James M. Nederlander Sr., Chairman of the Nederlander Organization, Has Died
Nederlander was 94.
James M. Nederlander Sr., the chairman of the Nederlander Organization, has died, according to published reports, at the age of 94.
Born March 31, 1922 in Detroit and known throughout the industry as "Jimmy," Nederlander came from a theatrical family. His father, David T. ("D.T.") Nederlander bought his first theater, the Fisher in Detroit, in 1905, and founded the family business. Nederlander left the pre-law program at the Detroit Institute of Technology to go into the family business, working in the box office of the Lafayette Theatre. He served as treasurer in the traveling Air Force production of Moss Hart's play Winged Victory.
After D.T.'s death in 1960, Nederlander and his brothers spread out across the country to purchase theaters. Jimmy moved to New York eventually acquiring the Broadway houses now known as the Brooks Atkinson, Gershwin, Lunt-Fontanne, Marquis, Minskoff, Nederlander, Neil Simon, Richard Rodgers, and the Palace. The organization owns a total of 15 theaters across the world.
As a producer, Nederlander presented the original Broadway productions of Annie, La Cage aux Folles, Nine, and many others. He also served as presenter of the Royal Shakespeare Company's The Life and Adventures of Nicholas Nickleby, Les Liaisons Dangereuses, and others. In 1972, he cofounded the Theatre Hall of Fame, located in the lobby of the Gershwin Theatre. In 1973, he teamed up with George Steinbrenner to purchase the New York Yankees.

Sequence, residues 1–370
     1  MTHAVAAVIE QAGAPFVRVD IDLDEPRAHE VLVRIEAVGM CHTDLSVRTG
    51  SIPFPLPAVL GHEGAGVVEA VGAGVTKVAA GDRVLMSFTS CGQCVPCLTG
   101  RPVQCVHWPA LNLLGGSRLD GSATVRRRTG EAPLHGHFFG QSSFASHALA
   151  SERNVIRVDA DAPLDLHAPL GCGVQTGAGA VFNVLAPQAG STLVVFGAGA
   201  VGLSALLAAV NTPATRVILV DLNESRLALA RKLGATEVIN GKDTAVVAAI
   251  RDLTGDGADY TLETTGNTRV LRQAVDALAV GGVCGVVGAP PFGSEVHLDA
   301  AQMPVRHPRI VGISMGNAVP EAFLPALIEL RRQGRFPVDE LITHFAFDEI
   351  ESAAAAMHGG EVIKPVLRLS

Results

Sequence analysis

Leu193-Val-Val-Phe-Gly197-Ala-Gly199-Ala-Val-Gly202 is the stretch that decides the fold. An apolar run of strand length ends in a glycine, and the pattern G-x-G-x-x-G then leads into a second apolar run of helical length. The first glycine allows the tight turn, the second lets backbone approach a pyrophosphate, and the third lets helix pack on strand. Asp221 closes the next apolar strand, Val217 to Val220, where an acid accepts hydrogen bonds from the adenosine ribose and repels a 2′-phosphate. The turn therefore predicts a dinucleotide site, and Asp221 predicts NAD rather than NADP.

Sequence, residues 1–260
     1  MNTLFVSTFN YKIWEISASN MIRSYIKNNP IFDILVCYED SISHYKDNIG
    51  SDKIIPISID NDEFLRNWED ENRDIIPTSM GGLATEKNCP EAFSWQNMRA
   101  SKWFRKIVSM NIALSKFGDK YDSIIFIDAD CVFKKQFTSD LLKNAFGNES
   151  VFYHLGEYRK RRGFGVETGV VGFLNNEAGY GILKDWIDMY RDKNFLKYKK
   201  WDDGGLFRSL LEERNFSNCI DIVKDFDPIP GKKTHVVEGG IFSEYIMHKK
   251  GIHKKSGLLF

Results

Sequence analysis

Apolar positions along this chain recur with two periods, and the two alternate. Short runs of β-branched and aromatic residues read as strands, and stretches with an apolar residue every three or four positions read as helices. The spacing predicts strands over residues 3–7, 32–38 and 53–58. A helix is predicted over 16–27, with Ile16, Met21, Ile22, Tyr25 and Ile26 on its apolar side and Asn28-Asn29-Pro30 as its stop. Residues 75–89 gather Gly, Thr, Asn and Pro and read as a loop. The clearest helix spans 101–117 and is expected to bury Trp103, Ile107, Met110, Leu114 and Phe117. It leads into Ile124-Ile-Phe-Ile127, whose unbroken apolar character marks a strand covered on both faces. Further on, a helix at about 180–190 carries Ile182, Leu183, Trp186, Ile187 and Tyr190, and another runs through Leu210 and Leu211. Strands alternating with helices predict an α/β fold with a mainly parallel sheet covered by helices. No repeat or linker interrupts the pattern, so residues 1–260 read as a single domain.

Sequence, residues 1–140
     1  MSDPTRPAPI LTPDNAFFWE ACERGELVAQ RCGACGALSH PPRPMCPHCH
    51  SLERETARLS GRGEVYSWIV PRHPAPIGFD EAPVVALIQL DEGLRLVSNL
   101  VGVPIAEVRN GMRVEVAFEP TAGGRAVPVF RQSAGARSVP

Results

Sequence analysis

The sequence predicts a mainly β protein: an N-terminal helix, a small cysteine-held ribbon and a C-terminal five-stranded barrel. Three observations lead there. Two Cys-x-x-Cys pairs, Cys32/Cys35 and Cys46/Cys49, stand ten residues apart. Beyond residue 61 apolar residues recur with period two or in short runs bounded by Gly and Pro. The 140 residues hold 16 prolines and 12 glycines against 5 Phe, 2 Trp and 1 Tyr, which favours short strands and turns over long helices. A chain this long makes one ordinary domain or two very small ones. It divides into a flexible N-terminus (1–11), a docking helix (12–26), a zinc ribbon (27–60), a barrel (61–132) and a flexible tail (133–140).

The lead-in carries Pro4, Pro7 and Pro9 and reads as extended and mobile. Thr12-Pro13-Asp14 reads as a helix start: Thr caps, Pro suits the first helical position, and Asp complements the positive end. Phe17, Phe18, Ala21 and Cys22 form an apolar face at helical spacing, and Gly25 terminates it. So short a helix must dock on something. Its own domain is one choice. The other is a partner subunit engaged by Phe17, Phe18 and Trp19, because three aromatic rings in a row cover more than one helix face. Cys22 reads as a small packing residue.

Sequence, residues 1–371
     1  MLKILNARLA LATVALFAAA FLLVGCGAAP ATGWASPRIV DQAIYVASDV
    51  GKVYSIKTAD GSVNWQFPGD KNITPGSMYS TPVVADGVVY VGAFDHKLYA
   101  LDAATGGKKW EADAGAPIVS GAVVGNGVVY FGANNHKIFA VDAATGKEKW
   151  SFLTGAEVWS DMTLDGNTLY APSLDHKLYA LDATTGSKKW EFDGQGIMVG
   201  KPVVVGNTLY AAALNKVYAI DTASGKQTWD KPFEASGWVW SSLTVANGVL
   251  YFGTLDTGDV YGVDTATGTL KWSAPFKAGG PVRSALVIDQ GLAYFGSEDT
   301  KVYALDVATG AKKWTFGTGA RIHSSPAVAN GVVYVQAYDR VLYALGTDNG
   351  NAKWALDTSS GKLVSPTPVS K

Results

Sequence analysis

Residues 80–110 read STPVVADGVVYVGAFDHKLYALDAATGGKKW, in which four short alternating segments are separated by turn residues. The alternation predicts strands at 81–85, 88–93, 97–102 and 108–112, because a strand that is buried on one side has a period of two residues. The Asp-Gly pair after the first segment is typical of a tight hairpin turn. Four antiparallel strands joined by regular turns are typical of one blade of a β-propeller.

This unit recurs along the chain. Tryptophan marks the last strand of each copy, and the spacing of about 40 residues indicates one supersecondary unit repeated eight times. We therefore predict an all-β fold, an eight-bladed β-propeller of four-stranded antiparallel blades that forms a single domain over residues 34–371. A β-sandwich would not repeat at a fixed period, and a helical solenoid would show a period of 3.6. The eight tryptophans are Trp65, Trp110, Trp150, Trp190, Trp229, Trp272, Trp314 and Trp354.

Nederlander was the recipient of many distinguished honors including the Tony Award Special Tony Award for Lifetime Achievement (2004), The Actors' Fund Medal of Honor (2002), United Jewish Appeal-New York Federations' Bernard B. Jacobs Excellence in the Theatre Award (1997), and the Hollywood Chamber of Commerce Star on the Hollywood Walk of Fame, located outside the Pantages Theatre, which the Nederlanders own. In 2009, the National High School Musical Theater Award was established and nicknamed "The Jimmy," in his honor.
He is survived by his wife, Charlene Saunders, and his son from his first marriage to Barbara Smith, James L. Nederlander, who currently serves as president of the Nederlander Organization.